Higher testosterone levels may help unemployed men find work and employed men keep it, according to a new study published in Economics and Human Biology. The large, longitudinal study confirmed previous studies linking testosterone with success in the workplace, though the exact reason why continues to elude scientists.
Testosterone, the male sex hormone responsible for the development of typical male features and stimulating muscle growth, has been widely linked to various social and economic factors, including being higher in the social hierarchy of a group and having greater success in the workplace. It is also linked to a number of cognitive and personality traits, such as aggression, risk-taking, motivation, and even numerical ability.
But do your testosterone levels affect how you fare on the job market? A team of researchers from the Max Planck Institute for Demographic Research, Germany, sought to find out.
Taking a sample of over 2,000 employed and over 110 unemployed British men, the researchers examined their serum testosterone as well as their employment status over a period of two years between 2011 and 2013 to identify any links.
How the participants navigated the job market was recorded, including whether unemployed men found work and whether employed men stayed in work.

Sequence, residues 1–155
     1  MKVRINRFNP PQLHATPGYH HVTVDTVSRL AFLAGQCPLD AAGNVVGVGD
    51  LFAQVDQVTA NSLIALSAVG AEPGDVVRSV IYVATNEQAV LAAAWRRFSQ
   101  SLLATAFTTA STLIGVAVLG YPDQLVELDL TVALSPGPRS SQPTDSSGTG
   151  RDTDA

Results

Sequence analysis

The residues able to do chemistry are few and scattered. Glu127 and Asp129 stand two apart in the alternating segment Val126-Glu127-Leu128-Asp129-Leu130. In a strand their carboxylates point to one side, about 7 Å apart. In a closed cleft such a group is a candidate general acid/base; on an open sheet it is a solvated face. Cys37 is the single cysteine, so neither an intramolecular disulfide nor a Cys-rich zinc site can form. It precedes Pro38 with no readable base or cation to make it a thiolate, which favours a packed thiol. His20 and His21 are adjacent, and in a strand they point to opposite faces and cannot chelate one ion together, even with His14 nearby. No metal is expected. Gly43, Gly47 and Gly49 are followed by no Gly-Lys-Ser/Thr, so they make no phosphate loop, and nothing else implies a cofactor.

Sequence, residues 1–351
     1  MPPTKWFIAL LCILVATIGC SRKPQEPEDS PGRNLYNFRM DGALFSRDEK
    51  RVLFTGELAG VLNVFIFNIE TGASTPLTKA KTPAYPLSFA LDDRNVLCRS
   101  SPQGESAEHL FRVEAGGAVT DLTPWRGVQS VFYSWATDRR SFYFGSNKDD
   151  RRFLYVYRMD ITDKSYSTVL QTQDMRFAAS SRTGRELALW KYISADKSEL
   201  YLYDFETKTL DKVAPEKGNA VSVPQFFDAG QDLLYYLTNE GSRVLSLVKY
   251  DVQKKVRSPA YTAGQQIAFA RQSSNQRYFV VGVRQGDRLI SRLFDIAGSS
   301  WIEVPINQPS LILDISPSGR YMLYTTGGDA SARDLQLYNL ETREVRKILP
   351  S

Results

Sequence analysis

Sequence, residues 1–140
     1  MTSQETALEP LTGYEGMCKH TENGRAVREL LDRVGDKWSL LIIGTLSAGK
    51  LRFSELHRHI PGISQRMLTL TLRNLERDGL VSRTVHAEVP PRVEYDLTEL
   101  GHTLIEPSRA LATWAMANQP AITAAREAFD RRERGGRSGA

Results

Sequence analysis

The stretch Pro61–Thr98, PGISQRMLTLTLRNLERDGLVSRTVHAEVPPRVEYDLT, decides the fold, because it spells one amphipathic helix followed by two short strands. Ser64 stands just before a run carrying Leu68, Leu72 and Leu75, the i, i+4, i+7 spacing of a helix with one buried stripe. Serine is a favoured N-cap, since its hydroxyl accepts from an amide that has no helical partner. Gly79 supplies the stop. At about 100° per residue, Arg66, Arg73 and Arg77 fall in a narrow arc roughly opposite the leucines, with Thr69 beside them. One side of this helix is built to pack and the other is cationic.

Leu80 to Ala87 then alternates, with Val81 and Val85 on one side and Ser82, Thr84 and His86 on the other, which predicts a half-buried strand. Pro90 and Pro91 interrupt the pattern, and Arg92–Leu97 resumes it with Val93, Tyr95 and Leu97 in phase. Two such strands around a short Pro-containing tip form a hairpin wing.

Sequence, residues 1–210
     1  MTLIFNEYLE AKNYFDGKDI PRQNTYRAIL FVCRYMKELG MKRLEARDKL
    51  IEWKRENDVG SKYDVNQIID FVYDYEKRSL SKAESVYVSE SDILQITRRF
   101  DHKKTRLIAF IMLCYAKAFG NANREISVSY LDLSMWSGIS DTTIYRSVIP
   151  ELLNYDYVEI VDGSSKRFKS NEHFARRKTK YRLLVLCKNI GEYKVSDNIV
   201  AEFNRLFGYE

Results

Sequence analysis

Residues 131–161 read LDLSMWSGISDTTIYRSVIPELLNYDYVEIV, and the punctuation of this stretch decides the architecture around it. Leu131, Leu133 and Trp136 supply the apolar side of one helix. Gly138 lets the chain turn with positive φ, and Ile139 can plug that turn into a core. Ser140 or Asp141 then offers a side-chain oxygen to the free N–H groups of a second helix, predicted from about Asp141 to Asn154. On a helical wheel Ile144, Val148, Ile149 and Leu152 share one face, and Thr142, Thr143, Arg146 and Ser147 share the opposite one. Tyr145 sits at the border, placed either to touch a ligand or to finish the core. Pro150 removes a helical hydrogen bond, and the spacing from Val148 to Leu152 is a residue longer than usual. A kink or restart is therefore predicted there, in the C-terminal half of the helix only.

The results showed that in both initially unemployed and initially employed groups of men, higher levels of testosterone were linked to a reduced risk of unemployment. The effect was more substantial in the initially unemployed group, indicating testosterone may boost some men’s ability to find work.
The researchers admit that they do not know the exact reason why testosterone might be linked, but there are a number of theories. Hormones have been shown to play a role in income levels in twin studies, as well as a number of personality traits typically linked with greater success. In particular, testosterone has been linked with pro-social behavior, which may allow those with higher serum testosterone to build larger networks, a skill vital in the current labor market. Similarly, testosterone may increase competitive behaviors and assertiveness, which may bode well for applicants in an interview.
As a correlational study, results should be interpreted with caution. The authors admit that testosterone levels fluctuate regularly, and it is unclear whether these results would stand up over a longer period of time or whether general fluctuations in the short- and medium-term are to blame. Alongside this, the initially employed sample size is significantly larger than the other group, so drawing direct conclusions from the unemployed group may be difficult.